Urban Ventures and White Construction Group acquired the property in 2014. The site, originally settled by Russian-Jewish immigrants in the 1880s, once had 25 homes and several businesses on it. It housed the Johnson and Bremer Soap Factory and a rag-baling facility. When Urban Ventures and White Construction purchased the property, there were two illegal marijuana grows operating, and the Evil Souls motorcycle gang had taken over one of the buildings as its clubhouse.

“We’re excited to be joining the community at STEAM,” Early said. “The history and dynamic of such an amazing space fits our business perfectly and provides a happy and energetic atmosphere where our growing design company can flourish.”
 

Summer suds: Downtown's Skyline Beer Garden opens June 8

It’s a sure sign that summer is just around the corner when the Skyline Beer Garden opens at Skyline Park on the 16th Street Mall at Arapahoe Street.

Sponsored by the Downtown Denver Partnerships and the Downtown Denver Business Improvement District, the Skyline Beer Garden opens June 8. It will have nearly 40,000 square feet of outdoor space with open-air and tented seating that will feature live music every Friday and Saturday. The communal Oktoberfest-style picnic tables can collectively seat more than 350 guests.

Weekly programming also will offer a host of evening activities, including Sweat & Sim (exercise classes followed by beer), Trivia Night and a Meet the Maker series. The family friendly game area features giant Jenga, foosball, ping pong, a nine-hole miniature golf course and cornhole.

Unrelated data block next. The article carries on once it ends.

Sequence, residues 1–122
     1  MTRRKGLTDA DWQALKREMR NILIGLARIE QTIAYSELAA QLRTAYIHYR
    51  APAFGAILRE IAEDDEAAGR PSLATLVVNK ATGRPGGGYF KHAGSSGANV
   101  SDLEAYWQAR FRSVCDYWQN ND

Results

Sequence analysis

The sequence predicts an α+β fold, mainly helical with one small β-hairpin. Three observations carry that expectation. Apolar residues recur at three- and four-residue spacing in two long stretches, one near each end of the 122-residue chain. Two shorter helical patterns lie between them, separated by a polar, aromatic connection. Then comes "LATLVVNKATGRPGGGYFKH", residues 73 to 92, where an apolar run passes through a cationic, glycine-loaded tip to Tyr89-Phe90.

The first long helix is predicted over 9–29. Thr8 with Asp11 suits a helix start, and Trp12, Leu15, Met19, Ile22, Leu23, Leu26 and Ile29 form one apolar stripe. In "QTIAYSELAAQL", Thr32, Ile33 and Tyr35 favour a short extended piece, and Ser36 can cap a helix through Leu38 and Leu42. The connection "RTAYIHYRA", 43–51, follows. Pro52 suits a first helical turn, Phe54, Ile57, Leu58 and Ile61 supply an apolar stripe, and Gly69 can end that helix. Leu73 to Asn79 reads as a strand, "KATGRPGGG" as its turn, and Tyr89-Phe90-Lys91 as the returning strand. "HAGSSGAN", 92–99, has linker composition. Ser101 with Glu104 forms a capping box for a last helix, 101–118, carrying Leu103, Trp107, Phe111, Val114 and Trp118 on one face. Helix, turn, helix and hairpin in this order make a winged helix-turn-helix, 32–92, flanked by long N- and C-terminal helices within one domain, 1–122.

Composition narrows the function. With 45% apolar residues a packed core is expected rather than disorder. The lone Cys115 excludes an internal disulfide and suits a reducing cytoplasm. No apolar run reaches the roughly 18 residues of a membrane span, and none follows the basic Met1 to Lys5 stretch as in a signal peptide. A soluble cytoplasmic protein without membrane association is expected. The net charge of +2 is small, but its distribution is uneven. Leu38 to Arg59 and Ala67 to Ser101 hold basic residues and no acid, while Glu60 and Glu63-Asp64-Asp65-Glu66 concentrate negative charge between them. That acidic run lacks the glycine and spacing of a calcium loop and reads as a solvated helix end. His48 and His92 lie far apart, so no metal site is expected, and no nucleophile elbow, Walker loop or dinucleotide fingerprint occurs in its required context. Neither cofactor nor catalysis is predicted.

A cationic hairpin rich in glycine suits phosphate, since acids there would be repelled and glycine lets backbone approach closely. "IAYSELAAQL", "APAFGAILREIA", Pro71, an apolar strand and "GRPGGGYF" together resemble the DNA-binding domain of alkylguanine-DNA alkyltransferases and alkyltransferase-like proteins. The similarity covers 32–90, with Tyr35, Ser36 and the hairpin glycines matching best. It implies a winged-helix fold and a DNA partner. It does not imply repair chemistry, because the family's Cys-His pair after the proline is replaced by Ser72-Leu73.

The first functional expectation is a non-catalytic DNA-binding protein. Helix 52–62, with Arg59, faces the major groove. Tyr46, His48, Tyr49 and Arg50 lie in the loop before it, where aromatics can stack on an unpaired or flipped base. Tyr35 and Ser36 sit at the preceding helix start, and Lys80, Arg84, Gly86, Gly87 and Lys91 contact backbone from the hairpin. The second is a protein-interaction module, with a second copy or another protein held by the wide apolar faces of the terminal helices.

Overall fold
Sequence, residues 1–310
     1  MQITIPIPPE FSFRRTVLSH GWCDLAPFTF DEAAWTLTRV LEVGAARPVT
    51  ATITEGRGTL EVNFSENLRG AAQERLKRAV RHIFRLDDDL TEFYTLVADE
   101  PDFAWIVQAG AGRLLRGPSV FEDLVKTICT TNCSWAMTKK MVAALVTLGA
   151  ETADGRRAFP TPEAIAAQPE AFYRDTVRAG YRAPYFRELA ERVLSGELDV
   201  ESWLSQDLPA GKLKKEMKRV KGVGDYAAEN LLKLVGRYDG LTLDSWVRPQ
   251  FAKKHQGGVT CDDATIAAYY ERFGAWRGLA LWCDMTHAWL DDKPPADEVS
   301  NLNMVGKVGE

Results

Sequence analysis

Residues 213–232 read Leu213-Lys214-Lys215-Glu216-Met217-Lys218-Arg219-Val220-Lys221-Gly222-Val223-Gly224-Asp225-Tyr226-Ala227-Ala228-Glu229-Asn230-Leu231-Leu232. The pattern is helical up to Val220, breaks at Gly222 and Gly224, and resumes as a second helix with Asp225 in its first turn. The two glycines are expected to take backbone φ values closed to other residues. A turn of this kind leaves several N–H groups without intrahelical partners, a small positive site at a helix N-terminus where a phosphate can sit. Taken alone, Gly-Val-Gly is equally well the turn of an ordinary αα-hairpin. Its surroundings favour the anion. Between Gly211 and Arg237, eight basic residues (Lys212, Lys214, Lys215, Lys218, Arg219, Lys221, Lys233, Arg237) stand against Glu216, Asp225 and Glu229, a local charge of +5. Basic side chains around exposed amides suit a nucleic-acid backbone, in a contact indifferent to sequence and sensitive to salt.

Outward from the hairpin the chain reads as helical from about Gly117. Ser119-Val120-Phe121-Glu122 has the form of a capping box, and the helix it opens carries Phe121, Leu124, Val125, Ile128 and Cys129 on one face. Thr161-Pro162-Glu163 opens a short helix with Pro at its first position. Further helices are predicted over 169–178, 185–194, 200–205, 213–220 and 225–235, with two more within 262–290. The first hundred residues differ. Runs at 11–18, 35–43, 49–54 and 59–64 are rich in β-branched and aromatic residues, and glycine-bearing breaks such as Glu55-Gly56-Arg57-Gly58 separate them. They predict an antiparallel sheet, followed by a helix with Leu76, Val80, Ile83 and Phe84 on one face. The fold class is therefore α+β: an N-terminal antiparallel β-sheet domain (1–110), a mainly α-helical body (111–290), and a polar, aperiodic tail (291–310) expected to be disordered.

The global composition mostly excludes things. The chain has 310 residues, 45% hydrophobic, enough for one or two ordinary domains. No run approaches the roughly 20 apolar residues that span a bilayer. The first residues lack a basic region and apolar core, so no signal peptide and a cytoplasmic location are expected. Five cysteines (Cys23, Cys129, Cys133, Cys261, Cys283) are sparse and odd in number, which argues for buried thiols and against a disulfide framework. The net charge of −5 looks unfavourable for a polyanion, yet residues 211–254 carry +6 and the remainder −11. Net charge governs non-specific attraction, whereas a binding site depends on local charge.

The Skyline Beer Garden features 12 different brews on tap and serves up casual fare, including locally made street tacos.

The Skyline Beer Garden is also available for private events. Reservations for parties of 20 or more are being accepted for special events and private gatherings, including office happy hours, convention after parties and gatherings, birthday celebrations and family get-togethers. To book your party, contact Kristen Becker at kirsten@citystreetinvestors.com.

The Skyline Beer Garden will be open from 11 a.m. to 10 p.m. from June 8 through mid-October, weather permitting.
 

Denver condo market finally heating up; 40-unit project to break ground in LoHi

Bristlecone Construction will break ground May 30 on The Edge, a 40-unit condominium building at 1735 Central St. in Denver’s Lower Highland neighborhood.

The building, which will be constructed of steel and concrete, will have a dog spa, storage units, bike storage and repair room, a lobby lounge with a fireplace and coffee bar and two levels of secured parking with dedicated parking spaces.

"We're seeing what happens when you introduce a terrific new development in one of the best neighborhoods in the city and then allow people to select their home and lock in their price for as little as 5 percent down," says Stan Kniss, managing broker of  Slate Real Estate Advisors, which is listing the condos. "In just a few short weeks, we're already roughly 30 percent sold out."